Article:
Yet, this is just what Xi has done. By tightening the grip of personalist rule while constricting the bottom-up channels of adaptation within the system, the Red Emperor has forced pent-up public sentiment to find expression elsewhere. He has provoked ordinary citizens into acting autonomously by taking the initiative in order to be heard. In effect, Xi has become the unwitting midwife who is delivering civil society from its long gestation in the womb of the unitary state.

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The Power Of The Wrong Metaphor

The system that managed to balance stability and change for long periods is being challenged as never before. 

What is different for China now than during the more than 2,000 years of its institutional civilization under varying forms of mandarinate rule is the intrusion of the information age. Today, all more or less share access to the same information as those who govern — despite the broad, hit-and-miss censorship practices. And it is here that the guiding anxiety of China’s top officials, who are determined not to succumb to the fate of the Soviet Communist Party, appears misplaced. They are laboring under the power of the wrong metaphor. 

As Xi and his colleagues see it, the Soviets met their demise because of Gorbachev’s policy of glasnost, or transparent information. They have thus concluded that the way to survive is to construct a narrative people are compelled to believe by controlling what they are otherwise allowed to know. The truth is that the Soviet Union collapsed precisely because of a similar effort to paint reality with a narrative that didn’t square with people’s actual experience.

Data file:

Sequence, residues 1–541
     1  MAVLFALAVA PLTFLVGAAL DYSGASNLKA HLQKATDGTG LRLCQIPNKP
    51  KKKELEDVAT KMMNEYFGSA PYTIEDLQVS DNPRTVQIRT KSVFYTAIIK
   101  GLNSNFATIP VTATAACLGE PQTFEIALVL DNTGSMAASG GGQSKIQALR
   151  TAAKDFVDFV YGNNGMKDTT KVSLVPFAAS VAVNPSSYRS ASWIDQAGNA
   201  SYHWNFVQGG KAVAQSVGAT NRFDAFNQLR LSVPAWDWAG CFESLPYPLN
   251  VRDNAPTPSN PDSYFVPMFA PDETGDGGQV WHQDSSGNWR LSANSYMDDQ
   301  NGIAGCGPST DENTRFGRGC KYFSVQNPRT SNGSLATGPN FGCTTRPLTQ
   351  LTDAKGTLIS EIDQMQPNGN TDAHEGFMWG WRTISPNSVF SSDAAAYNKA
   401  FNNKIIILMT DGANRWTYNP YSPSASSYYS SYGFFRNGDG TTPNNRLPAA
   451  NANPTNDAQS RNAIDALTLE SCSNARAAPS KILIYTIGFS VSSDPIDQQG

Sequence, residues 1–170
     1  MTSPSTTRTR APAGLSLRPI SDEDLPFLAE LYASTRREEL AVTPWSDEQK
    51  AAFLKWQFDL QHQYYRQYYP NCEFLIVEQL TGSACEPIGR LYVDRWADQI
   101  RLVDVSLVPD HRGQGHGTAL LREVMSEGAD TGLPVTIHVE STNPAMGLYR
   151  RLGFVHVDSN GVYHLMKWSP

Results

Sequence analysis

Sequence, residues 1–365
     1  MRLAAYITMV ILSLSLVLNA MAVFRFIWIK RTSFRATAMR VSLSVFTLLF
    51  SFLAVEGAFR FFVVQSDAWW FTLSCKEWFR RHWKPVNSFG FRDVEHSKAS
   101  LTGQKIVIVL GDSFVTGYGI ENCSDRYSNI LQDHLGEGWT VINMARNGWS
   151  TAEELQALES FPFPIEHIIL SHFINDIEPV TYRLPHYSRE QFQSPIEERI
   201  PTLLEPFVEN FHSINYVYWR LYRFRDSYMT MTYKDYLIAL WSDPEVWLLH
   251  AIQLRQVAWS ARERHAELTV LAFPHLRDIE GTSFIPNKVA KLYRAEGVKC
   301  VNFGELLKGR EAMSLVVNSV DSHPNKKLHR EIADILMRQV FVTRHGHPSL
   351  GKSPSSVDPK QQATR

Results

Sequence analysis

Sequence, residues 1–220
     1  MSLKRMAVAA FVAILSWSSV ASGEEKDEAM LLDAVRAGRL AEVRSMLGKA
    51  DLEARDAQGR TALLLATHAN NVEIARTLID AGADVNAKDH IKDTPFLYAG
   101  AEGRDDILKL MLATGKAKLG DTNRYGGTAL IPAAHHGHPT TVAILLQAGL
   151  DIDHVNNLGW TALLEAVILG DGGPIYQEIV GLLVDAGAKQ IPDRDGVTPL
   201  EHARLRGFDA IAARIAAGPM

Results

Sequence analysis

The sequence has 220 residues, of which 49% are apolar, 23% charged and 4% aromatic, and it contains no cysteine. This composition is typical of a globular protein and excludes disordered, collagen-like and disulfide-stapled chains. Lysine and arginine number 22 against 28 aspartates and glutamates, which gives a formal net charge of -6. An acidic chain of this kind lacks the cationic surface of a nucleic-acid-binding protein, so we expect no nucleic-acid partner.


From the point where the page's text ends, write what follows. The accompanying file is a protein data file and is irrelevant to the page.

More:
Admitting mistakes — brought to government officials’ attention by the activists and social media of a fledging civil society — and fixing them, rather than denying or covering them up, is what can sustain legitimacy in an age when everyone knows what’s what anyway through connectivity with everyone else.

In a surprisingly candid conversation in Beijing in 2015 before Xi consolidated his power, China’s then-internet czar, Lu Wei, quite openly acknowledged that, absent popular elections, robust feedback through even limited expression on Weibo or WeChat and other social media can be a necessary corrective to misguided authority that otherwise goes unchecked. 

The old hierarchical system, in which the custodians of perception could impose an authoritative narrative, is doomed by the democratization of information. Just as, historically, the bourgeoisie created the space for civil society vis-à-vis royal absolutism in Europe, and just as women are today the makers of a democratic public sphere vis-à-vis theocracy and patriarchy in the Islamic world, so too the social networks of digital connectivity are the makers of an autonomous civil society in today’s China. 

No one in the present leadership misses the fact that, with hundreds of millions of netizens, China’s cybersphere is the Tiananmen Square of the 21st century, with all the historical resonance that implies. To try to extinguish this incipient public space outside the Party-state, instead of accommodate it as a critical feedback loop for good governance, would be to invite the very fate of the Soviet Union they are so obsessed with avoiding.